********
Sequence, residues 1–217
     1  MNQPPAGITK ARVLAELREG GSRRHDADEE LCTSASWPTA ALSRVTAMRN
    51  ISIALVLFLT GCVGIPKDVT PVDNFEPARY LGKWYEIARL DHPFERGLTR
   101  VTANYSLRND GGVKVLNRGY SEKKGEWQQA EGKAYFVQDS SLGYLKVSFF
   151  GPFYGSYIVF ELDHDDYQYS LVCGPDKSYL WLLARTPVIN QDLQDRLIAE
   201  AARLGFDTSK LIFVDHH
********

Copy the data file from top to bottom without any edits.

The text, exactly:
Sequence, residues 1–217
     1  MNQPPAGITK ARVLAELREG GSRRHDADEE LCTSASWPTA ALSRVTAMRN
    51  ISIALVLFLT GCVGIPKDVT PVDNFEPARY LGKWYEIARL DHPFERGLTR
   101  VTANYSLRND GGVKVLNRGY SEKKGEWQQA EGKAYFVQDS SLGYLKVSFF
   151  GPFYGSYIVF ELDHDDYQYS LVCGPDKSYL WLLARTPVIN QDLQDRLIAE
   201  AARLGFDTSK LIFVDHH